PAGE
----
What is HIPAA?
President Clinton signed the Kassebaum-Kennedy Health Insurance Portability and Accountability Act (HIPAA)on August 21, 1996.
HIPAA is designed to expand health coverage by improving the portability and continuity of health insurance coverage in group and individual markets to:
Within this context HIPAA includes a provision called Administrative Simplification, which is intended to improve the efficiency and effectiveness of the health care system by encouraging the development of standards for the electronic transmission, privacy and security of certain health information. Administrative Simplification is one of the Act's five titles and is a focus for governments across the nation.
The Administrative Simplification provision of Health Insurance Portability and Accountability Act of 1996 (HIPAA, Title II) requires the Federal Department of Health and Human Services to establish national standards for electronic health care transactions and national identifiers for providers, health plans and employers. The Act also addresses the security and privacy of health data. The long-term purpose of these standards is to improve the efficiency and effectiveness of the nation’s health care system by encouraging widespread use of standard electronic data interchanges in health care.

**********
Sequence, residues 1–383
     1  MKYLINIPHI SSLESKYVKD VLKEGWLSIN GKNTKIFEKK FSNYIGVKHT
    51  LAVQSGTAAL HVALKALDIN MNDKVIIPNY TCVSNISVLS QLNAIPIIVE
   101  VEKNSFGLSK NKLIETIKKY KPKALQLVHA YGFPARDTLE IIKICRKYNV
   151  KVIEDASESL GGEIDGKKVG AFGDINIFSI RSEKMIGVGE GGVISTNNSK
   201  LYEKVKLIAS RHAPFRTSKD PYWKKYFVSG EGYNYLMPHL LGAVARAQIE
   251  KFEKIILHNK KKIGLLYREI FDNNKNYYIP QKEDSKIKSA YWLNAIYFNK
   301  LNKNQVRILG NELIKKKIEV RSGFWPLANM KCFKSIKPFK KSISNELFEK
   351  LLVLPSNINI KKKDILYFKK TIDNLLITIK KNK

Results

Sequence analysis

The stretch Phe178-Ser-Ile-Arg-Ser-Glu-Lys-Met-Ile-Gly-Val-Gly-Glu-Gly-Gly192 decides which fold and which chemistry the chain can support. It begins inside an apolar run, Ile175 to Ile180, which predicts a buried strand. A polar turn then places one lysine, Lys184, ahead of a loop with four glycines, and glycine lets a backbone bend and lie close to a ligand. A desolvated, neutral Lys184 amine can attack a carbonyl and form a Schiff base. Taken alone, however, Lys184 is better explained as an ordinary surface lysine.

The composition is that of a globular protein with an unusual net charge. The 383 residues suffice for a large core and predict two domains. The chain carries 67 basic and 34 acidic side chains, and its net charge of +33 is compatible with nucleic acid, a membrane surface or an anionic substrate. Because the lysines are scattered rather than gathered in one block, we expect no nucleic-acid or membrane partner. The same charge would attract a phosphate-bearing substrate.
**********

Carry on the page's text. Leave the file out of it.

The intent of the law is that all electronic transactions with specified standards must be conducted according to the standards. These standards were reviewed through a process that included significant public and private sector input prior to publication in the Federal Register as Final Rules with legally binding implementation time frames.
Covered entities are required to accept transmissions in the standard format and must not delay a transaction or adversely affect an entity that wants to conduct standards transactions electronically. For HIPAA, Arizona Health Care Cost Containment System (AHCCCS) and DES Health Plans are covered entities.